This 1930s-1940s right foot, low heeled, green leather female dress sandal was one of Stanio Fancoff's basket shoe samples. This shoe, along with six others, were shown to prospective purchasers as examples of Stanio's shoewares which were made from his shoemaking business in Fitzroy by himself and family.

Stanio Ivanoff Fancoff was born in 1908 in Bojentsi, a small village in Bulgaria. At age 11, Stanio left home to learn the shoemaking trade. In 1929, he immigrated to Melbourne, settled in Fitzroy and began to work for the V.G. Zemancheff & Sons basket shoe factory in South Melbourne. In1936, he married Dorotea Georgi Touzou who had recently arrived in Australia. Around this time, Stanio set up his own shoemaking business from home, with Georgi, her cousin and sister weaving the shoes which he then assembled. Select shoe samples were then taken to Sydney and Tasmania for sale. In 1942, Georgi and Stanio moved to Broken Hill for Georgi's health; there daughter Nancy was born and Stanio set up a shoe shop/factory. In 1945, Georgi died and by 1950 Stanio and Nancy had moved to Adelaide where he again opened a shoemaking business and shop. He passed away in 1978, having been in the shoemaking business for 59 years. This collection documents his migration and working life experiences.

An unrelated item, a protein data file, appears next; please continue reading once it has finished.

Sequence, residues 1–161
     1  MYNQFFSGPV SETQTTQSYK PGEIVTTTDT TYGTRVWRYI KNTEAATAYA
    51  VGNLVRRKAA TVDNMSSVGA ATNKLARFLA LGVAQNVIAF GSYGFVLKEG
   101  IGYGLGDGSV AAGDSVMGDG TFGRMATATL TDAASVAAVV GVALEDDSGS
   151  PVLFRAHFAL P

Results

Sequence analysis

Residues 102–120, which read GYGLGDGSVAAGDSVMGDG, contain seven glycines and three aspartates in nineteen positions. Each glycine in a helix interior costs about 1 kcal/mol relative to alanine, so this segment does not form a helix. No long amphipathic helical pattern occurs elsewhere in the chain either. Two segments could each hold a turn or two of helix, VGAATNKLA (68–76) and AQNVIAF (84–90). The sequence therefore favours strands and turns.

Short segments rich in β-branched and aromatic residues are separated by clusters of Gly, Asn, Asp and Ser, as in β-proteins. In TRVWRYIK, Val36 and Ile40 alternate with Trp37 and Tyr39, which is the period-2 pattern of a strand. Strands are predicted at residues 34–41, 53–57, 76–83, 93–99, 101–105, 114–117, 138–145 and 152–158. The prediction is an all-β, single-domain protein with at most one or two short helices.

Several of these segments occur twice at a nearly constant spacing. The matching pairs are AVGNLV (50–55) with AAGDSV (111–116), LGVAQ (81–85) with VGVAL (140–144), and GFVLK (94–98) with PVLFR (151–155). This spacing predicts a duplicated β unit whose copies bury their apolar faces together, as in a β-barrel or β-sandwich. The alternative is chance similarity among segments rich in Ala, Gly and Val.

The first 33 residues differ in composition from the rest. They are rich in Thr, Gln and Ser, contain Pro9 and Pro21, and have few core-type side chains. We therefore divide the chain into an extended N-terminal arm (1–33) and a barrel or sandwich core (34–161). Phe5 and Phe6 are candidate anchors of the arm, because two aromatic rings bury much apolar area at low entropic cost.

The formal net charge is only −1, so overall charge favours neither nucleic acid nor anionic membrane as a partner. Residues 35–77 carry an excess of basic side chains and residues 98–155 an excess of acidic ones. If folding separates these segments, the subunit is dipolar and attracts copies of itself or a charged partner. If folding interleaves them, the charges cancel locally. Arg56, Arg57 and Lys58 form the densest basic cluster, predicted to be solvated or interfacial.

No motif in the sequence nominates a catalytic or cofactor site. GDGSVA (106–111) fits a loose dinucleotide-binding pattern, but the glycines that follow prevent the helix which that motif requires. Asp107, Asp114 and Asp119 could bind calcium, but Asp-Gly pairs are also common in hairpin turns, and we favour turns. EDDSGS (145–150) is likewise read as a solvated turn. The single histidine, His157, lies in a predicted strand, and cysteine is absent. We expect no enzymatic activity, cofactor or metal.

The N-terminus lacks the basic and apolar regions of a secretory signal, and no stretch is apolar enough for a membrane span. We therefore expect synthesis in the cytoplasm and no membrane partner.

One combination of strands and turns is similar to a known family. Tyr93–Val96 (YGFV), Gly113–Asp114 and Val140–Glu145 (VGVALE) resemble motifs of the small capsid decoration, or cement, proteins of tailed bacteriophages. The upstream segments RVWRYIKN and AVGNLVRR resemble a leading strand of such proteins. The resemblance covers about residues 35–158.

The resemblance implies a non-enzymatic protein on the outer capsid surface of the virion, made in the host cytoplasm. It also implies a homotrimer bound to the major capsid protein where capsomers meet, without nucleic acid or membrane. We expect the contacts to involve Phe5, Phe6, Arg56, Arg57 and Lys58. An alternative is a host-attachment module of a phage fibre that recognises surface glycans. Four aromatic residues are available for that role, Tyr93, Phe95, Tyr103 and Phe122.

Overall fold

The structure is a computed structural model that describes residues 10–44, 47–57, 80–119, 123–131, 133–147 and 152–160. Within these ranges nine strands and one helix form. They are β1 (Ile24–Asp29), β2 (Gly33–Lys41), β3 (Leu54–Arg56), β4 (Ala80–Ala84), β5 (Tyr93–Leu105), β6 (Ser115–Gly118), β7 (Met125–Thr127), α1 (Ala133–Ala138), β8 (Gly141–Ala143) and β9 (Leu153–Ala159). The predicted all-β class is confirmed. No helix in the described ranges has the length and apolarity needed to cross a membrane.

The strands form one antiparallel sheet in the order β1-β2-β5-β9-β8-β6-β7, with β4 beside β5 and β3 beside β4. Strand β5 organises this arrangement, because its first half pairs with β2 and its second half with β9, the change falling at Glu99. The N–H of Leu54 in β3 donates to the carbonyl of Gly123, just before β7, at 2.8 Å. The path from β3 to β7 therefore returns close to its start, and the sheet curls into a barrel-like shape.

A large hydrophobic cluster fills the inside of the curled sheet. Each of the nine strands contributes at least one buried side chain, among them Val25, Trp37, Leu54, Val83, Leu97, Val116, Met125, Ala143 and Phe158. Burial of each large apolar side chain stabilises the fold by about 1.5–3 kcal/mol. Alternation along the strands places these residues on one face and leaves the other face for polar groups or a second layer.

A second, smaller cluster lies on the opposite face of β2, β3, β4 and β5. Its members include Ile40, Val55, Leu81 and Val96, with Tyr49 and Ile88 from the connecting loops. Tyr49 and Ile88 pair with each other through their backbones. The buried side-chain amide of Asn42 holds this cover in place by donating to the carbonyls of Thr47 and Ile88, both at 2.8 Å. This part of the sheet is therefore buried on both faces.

Physical Description

Right foot low heeled female dress sandal of green leather basketweave. Enclosed shoe with open toe and strapped open back in a criss-cross basket weave pattern of leather. Neutral coloured leather heel insole with the remainder insole being of a darker brown colour. Brown coloured leather sole, with heel of 4.5cm height and 3cm depth, stitched around base and three tacks connect heel to sole. Leather wraps around heel, joining at heel breast centre.


This collection is significant in documenting a small migrant business as well as the fashion of a particular period. It is well provenanced and charts the application of trade skills in a new country. It also illustrates the stages of hand shoe manufacture from the 1930s, demonstrating the enduring nature of the tools and patterns that were used.

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